Jubilee offers more than its own oil, too. Tullow is looking for ways to boost production through the field’s infrastructure. It is in discussions with Kosmos Energy about producing the Teak, Mahogany East and Akasa discoveries at the adjacent West Cape Three Points (WCTP) block through Jubilee’s pipes, said McDade. WCTP was seen as potentially large enough to justify a standalone FPSO development, but poor results at the Teak-4 appraisal well scuppered those hopes, according to analysts at Investec.
The next major development offshore Ghana is the Tullow-operated Tweneboa-Enyenra-Ntomme (TEN) project, located about 25 km east of the Jubilee development in the Deep-water Tano (DWT) block. Tullow and its partners submitted its development plan to the government this year. The proposal envisions spending around $4.5 billion to drill around 23 wells and produce a total of around 300 million barrels of oil equivalent (boe) at a rate of 80,000 barrels of oil equivalent a day (boe/d).
Figure 1: Oil and gas infrastructure of Ghana
Approving the plan will be the first major item of business that crosses the new energy minister Buah’s desk. Tullow says it hopes to get approval on TEN in the first quarter of 2013 and is targeting first production in early 2016. The project could see Ghana producing at least 200,000 b/d of oil in the latter half of the decade. That is a far cry from the 250,000 b/d that Tullow had once thought possible by the middle of the decade, but it does point to the industry’s strong growth prospects.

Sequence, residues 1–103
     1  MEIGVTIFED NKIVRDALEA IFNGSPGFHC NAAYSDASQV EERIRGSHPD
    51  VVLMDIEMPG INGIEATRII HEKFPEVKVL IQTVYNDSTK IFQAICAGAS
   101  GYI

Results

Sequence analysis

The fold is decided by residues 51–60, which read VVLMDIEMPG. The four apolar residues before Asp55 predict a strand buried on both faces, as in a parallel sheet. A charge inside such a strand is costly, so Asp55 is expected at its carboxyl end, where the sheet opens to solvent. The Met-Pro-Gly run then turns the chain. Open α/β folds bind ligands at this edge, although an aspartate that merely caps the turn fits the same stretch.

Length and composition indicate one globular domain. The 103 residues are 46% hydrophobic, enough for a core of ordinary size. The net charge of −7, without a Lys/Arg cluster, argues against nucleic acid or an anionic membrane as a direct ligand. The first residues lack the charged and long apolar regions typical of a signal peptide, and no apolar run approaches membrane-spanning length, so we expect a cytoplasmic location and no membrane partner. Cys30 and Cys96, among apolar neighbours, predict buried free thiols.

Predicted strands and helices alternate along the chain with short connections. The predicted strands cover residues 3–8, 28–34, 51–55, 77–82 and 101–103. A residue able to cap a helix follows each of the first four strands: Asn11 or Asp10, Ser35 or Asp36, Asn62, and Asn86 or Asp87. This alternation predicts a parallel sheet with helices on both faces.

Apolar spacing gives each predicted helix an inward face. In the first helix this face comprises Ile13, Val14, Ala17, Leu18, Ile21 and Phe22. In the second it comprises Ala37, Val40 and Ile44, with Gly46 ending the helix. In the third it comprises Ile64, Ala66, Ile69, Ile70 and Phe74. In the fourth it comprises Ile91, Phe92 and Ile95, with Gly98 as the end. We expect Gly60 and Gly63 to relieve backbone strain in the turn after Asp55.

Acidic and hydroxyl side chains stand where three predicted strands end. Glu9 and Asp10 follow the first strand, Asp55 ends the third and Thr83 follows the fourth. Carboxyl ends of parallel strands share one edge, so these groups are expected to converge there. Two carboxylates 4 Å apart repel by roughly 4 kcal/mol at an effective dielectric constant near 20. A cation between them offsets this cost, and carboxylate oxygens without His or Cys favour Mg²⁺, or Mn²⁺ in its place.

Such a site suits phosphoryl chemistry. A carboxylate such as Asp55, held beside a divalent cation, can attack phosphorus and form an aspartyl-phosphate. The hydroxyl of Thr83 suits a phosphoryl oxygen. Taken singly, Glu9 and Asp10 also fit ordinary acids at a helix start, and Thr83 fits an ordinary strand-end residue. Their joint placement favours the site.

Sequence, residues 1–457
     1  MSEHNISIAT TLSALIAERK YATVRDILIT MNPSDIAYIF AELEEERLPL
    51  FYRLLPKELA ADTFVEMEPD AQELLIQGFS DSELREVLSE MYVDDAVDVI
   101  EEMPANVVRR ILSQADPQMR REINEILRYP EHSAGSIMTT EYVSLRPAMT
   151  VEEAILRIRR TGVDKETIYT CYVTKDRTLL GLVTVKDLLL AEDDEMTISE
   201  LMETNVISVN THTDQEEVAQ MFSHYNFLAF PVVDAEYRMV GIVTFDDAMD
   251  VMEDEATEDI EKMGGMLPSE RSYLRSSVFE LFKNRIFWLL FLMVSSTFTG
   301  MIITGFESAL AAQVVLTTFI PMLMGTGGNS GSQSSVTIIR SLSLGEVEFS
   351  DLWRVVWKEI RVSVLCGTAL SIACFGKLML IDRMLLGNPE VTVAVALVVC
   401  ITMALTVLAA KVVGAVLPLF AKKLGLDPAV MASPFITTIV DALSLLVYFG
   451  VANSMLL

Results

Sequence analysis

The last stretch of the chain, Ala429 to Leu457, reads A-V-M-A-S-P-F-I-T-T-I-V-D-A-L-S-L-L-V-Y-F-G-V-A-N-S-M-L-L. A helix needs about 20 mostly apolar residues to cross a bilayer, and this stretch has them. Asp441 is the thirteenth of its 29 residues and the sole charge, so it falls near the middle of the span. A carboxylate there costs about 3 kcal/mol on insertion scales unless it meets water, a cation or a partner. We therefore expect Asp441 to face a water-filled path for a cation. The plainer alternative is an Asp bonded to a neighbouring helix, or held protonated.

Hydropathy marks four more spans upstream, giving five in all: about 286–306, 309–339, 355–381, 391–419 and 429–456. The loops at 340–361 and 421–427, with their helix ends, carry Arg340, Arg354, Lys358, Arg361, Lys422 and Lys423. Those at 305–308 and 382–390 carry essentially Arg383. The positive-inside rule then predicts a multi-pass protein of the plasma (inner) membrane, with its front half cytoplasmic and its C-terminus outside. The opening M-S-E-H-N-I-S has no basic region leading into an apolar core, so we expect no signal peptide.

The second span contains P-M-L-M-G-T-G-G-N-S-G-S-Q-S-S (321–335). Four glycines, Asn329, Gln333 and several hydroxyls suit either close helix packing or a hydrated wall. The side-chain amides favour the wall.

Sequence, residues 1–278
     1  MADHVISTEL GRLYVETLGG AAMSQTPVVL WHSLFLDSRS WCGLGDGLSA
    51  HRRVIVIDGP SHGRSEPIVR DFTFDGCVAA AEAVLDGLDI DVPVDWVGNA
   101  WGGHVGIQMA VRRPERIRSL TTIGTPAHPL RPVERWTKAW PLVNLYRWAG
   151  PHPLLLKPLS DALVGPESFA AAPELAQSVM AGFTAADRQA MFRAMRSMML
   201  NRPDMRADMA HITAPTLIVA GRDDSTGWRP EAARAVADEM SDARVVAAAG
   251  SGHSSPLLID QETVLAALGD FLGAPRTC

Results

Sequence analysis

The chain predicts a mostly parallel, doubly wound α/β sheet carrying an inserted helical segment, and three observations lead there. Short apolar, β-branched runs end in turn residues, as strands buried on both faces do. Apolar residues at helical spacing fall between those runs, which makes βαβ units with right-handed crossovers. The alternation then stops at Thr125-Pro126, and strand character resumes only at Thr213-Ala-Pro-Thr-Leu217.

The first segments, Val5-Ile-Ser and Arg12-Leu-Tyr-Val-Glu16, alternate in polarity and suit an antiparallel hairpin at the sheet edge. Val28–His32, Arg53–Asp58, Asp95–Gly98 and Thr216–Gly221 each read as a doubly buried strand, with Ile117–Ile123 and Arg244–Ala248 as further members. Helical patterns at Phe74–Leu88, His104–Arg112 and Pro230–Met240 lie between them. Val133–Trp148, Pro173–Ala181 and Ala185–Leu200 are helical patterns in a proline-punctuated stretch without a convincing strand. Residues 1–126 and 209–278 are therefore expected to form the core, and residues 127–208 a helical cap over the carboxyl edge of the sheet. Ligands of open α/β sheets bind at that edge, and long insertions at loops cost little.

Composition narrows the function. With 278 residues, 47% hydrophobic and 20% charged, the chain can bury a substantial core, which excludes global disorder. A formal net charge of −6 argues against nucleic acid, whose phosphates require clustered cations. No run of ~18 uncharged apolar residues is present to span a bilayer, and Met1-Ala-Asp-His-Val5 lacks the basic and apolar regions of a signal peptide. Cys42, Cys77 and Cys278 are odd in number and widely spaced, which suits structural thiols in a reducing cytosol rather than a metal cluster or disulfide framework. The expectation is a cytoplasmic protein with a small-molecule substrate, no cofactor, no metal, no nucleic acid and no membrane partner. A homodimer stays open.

As the country pumps more oil, it will have to find a reliable market for Jubilee’s light sweet crude. Ghana’s neighbours in the Gulf of Guinea, especially Nigeria, have seen demand for their light oil plummet in the US as similarly light crudes flow from the Bakken, Eagle Ford and other tight-oil plays.
Ghana, though, seems to have pre-empted this problem, already sending little of its oil to the US since exports started in 2011. Average exports for 2011 were just 8,000 b/d, and fell to less than 1,000 b/d in 2012, according to data from the US Energy Information Administration. Ghana has not exported any oil to the US since May last year. Instead the country will look to Asia, where nearly 60% of Africa’s oil was shipped last year. “The key importing economies to watch will be China and India, who will remain firm trading partners,” according to analysts at Ecobank, an Africa-focused bank.
China in particular will be an important export market for Ghana. Under the terms of an $3bn oil-for-loans agreement, Ghana has committed to sending at least 13,000 b/d, or more than 10% of its output, to China. Once Tullow receives approval for the TEN development plan it will likely accelerate a planned sale of part of its 49.95% interest in the project, as it looks to cut its share of the development cost. That sale is likely to attract strong interest, particularly as it will include a stake in the producing Jubilee field, which is operated under a unitisation agreement between the WCTP and DWT stakeholders. Tullow has not said how much of its stake it plans to sell.